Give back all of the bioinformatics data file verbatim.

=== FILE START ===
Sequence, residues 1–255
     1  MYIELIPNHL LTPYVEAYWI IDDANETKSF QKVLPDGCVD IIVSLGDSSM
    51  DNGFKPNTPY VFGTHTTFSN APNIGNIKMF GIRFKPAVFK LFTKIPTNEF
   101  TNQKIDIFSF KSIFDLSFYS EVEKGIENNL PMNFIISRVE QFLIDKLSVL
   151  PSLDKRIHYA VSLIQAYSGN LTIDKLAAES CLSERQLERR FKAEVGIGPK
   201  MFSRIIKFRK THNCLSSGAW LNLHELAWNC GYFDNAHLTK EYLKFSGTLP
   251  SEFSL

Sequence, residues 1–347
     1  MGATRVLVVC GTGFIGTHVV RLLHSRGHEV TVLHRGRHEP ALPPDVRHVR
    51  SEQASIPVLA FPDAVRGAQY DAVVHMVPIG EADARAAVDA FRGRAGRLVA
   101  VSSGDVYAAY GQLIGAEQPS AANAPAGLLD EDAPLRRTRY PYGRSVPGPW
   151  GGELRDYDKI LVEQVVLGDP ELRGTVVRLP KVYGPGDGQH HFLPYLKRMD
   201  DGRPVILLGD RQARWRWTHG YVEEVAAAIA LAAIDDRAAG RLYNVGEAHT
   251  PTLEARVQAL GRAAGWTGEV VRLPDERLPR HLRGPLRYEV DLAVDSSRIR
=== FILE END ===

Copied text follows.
Sequence, residues 1–255
     1  MYIELIPNHL LTPYVEAYWI IDDANETKSF QKVLPDGCVD IIVSLGDSSM
    51  DNGFKPNTPY VFGTHTTFSN APNIGNIKMF GIRFKPAVFK LFTKIPTNEF
   101  TNQKIDIFSF KSIFDLSFYS EVEKGIENNL PMNFIISRVE QFLIDKLSVL
   151  PSLDKRIHYA VSLIQAYSGN LTIDKLAAES CLSERQLERR FKAEVGIGPK
   201  MFSRIIKFRK THNCLSSGAW LNLHELAWNC GYFDNAHLTK EYLKFSGTLP
   251  SEFSL

Sequence, residues 1–347
     1  MGATRVLVVC GTGFIGTHVV RLLHSRGHEV TVLHRGRHEP ALPPDVRHVR
    51  SEQASIPVLA FPDAVRGAQY DAVVHMVPIG EADARAAVDA FRGRAGRLVA
   101  VSSGDVYAAY GQLIGAEQPS AANAPAGLLD EDAPLRRTRY PYGRSVPGPW
   151  GGELRDYDKI LVEQVVLGDP ELRGTVVRLP KVYGPGDGQH HFLPYLKRMD
   201  DGRPVILLGD RQARWRWTHG YVEEVAAAIA LAAIDDRAAG RLYNVGEAHT
   251  PTLEARVQAL GRAAGWTGEV VRLPDERLPR HLRGPLRYEV DLAVDSSRIR